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Home / Neighborhood / Riverside County / Fallen lawman remembered as ‘damn good deputy,’ selfless

Fallen lawman remembered as ‘damn good deputy,’ selfless

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By Paul J. Young

A 27-year-old Riverside County sheriff’s deputy killed in a crash while on patrol in San Jacinto was remembered Wednesday as a man who “wanted to put others before himself,” a dedicated law enforcement officer willing to take on difficult tasks to do the best job possible.

“Never in my worst nightmares did I think I’d be standing in front of another deputy’s family, mourning yet another death in the Riverside County Sheriff’s Office,” Sheriff Chad Bianco said during a memorial for Deputy Brett Michael Harris. “Brett was one of the good ones, a true friend and a hero. His passing may be something we’ll never be able to understand. It’s to a greater purpose with the Lord.”

Hundreds assembled in Grove Community Church in south Riverside on Wednesday morning to pay final respects to Harris, who was fatally injured in a collision during the predawn hours of May 12 while responding to a call for backup. Bianco noted that representatives from law enforcement agencies “near and far” were on hand to honor the lawman.

“It wasn’t just a job for Brett; it was a calling,” the sheriff said. “He knew exactly what he wanted to do with his life. We were lucky to have him.”

Bianco said in a final act of selflessness, Harris had, prior to starting his law enforcement career, opted to be an organ donor. Upon his death on May 13, the peace officer’s heart, lungs, kidneys and liver were harvested “so that others may live,” the sheriff said.

“It was another example of how he wanted to put others before himself,” he said.

Harris’ watch commander Sgt. Jeremy Parsons described the fallen lawman as a “man built for public service.”

“I’m unbelievably proud of the deputy that Brett became,” Parsons said.

He said that in spite of only working in the field for 15 months, Harris committed himself to challenging duties, among them volunteering to spend extra hours investigating domestic violence and child abuse cases.

“When I told him, ‘You don’t have to take on so many tasks,’ his response was, ‘I want to make sure they’re done right,'” Parsons recalled. “His compassion, bravery and devotion will never be forgotten. I want him to know, Brett, you were a damn good deputy sheriff.”

His close friend, Deputy Carlos Mora, said he witnessed Harris “on countless times … go above and beyond.”

He nominated his friend to become a sheriff’s Explorer Scout adviser, at which Harris excelled.

“He was every bit the man we should all strive to be — caring, loving, thoughtful, loyal and dedicated,” Mora said.

Harris’ wife, Myreia Quinones, 28, of Menifee, described him as a “man’s man,” fond of guns, fast cars and tools, but also a fan of musical theater, choirs and comics.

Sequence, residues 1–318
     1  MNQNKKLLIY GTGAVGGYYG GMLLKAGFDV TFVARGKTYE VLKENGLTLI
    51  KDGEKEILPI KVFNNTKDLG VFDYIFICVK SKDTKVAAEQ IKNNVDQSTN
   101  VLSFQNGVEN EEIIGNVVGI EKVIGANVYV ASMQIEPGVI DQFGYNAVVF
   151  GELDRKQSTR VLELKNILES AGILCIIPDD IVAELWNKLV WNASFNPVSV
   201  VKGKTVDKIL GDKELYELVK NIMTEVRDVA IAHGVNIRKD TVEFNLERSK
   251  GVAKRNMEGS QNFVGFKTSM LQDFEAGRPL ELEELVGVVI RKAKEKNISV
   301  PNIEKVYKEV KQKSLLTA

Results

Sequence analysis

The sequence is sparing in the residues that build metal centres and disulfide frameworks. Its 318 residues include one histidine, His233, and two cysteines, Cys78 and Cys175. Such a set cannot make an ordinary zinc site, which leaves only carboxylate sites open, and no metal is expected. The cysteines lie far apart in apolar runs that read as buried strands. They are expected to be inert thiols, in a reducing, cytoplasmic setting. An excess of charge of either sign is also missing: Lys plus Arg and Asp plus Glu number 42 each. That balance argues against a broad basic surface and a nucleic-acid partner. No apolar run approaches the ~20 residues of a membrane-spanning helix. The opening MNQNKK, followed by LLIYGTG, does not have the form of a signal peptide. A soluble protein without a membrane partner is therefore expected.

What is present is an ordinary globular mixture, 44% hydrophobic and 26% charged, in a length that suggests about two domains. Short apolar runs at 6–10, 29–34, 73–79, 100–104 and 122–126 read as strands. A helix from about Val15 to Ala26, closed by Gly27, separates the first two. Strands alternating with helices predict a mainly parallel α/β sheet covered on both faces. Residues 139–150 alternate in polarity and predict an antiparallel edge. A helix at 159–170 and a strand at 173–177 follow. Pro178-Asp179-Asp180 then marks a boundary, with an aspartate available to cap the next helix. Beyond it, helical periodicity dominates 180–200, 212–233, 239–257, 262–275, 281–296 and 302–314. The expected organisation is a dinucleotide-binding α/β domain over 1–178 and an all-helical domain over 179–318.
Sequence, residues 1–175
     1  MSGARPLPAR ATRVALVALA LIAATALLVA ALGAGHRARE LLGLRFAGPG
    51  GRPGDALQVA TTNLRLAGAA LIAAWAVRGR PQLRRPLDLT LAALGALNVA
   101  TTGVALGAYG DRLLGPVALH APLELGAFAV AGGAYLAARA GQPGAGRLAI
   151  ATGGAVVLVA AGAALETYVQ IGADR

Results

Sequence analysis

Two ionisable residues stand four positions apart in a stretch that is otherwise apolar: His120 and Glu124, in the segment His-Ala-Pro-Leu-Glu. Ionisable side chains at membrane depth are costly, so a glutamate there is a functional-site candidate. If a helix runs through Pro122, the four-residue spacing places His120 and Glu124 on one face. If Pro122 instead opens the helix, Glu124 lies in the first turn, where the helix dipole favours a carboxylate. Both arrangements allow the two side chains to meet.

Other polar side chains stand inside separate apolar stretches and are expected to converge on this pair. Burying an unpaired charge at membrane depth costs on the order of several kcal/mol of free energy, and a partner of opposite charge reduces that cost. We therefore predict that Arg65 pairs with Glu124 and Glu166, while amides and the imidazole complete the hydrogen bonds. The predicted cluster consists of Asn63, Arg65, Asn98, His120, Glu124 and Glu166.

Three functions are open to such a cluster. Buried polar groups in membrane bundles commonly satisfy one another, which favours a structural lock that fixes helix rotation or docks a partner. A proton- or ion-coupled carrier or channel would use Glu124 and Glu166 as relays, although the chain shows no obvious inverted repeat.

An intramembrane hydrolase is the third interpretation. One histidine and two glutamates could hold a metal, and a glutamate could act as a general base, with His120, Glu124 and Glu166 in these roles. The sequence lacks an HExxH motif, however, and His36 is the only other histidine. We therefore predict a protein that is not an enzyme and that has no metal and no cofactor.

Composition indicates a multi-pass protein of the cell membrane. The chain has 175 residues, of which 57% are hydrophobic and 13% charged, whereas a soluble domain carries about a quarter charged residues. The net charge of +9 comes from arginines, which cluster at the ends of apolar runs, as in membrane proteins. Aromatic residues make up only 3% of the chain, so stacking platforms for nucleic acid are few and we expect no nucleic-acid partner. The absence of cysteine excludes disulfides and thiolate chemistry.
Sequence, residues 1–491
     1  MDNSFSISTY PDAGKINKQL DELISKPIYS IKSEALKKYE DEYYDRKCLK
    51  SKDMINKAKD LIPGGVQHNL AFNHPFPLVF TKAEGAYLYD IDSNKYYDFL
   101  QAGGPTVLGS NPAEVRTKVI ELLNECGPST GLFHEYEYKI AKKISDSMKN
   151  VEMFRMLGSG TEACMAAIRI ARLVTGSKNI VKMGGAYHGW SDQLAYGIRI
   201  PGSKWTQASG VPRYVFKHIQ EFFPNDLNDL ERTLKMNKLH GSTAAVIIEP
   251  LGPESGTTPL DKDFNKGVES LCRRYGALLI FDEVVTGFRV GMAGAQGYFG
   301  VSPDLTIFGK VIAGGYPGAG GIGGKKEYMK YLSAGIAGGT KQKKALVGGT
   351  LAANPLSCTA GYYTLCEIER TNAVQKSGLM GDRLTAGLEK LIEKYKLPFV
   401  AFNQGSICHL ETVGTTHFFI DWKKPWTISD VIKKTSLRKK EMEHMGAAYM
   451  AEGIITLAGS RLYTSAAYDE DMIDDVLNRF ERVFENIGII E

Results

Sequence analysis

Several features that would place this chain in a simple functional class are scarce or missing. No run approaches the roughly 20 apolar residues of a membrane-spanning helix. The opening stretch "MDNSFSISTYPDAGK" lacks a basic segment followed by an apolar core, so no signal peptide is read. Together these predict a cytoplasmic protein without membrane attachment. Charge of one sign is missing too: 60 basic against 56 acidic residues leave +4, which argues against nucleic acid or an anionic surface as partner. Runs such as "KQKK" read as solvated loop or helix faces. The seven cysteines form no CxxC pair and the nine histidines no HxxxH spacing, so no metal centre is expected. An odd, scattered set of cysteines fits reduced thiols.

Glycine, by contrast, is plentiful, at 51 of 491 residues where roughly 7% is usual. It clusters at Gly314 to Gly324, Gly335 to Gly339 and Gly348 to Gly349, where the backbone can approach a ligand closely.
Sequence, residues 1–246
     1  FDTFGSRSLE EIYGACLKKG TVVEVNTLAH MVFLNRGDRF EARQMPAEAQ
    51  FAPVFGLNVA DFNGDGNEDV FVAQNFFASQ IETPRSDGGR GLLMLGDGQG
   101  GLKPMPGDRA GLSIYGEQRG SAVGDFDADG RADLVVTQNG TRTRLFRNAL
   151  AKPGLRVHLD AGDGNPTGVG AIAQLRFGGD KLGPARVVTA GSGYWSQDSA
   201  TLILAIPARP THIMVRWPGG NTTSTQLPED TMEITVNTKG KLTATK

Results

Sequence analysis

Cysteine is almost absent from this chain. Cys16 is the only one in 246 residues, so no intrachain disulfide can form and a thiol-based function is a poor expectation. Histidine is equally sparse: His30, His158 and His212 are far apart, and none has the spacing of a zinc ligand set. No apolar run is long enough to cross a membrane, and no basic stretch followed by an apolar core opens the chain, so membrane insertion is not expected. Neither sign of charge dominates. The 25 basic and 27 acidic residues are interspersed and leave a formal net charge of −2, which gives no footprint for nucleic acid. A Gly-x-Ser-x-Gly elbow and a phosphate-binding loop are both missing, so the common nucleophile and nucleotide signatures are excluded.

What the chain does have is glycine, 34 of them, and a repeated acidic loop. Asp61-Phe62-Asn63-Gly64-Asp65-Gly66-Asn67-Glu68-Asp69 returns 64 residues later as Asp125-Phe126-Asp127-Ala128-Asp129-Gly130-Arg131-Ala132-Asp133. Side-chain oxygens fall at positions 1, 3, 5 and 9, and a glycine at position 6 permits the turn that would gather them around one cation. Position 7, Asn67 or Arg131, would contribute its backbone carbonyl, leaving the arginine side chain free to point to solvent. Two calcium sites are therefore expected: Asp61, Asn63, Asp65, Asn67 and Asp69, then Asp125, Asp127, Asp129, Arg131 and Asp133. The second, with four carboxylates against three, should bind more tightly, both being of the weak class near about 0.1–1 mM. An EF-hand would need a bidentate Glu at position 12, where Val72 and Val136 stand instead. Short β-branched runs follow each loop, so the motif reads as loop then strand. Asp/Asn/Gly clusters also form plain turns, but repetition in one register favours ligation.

“He was human. He made mistakes,” she said. “But at his core, he believed in justice and honor.”

Harris was gravely injured about 2:15 a.m. May 12 at Esplanade Avenue and State Street while heading to a call to assist a fellow deputy contending with a mentally disturbed San Jacinto resident, according to Bianco.

Harris was traveling westbound on Esplanade, and California Highway Patrol Officer Jason Montez said he entered the intersection at the same time as a Nissan Maxima, which was going north on State.

“The two vehicles crashed in the intersection, which is controlled by traffic lights,” Montez said. “After the collision, the sheriff’s patrol vehicle crashed into a light pole.”

The SUV was hit on the driver’s side.

Montez said the 54-year-old woman at the wheel of the Nissan, identified only as a Hemet resident, suffered minor injuries.

Montez did not specify which motorist was at fault — a determination that’s expected to be made at the end of the CHP’s investigation.

The following day, Harris died from what the sheriff described as a “catastrophic brain injury.”

Along with his wife, the deputy is survived by his parents, David and Lynn Harris, a twin sister, Briana, and an older brother, Dustin.

Harris graduated from the sheriff’s academy in 2019, and began his career in 2020 as a correctional deputy, serving at the Byrd Detention Center in Murrieta until January 2022, when he was transferred to patrol duty, assigned to the Hemet-San Jacinto station.

The Riverside County Deputy Sheriff Relief Foundation established a Help A Hero fundraiser for the fallen lawman: helpahero.com/campaign/deputy-brett-harris.

His was the third line-of-duty death since the end of last year.

On the afternoon of Dec. 29, 32-year-old Deputy Isaiah Albert Cordero was gunned down after he stopped a felon for a traffic violation in Jurupa Valley. The shooter was killed by pursuing deputies following a nearly two-hour chase that went through multiple cities in Riverside and San Bernardino counties, ending on Interstate 15 in Norco.

On the afternoon of Jan. 13, 30-year-old Deputy Darnell Calhoun was shot to death while investigating a domestic disturbance at a Lake Elsinore residence.

Jesse Navarro, 42, is charged with murder in that slaying. He was shot several times by a deputy summoned to assist Calhoun but has since recovered.

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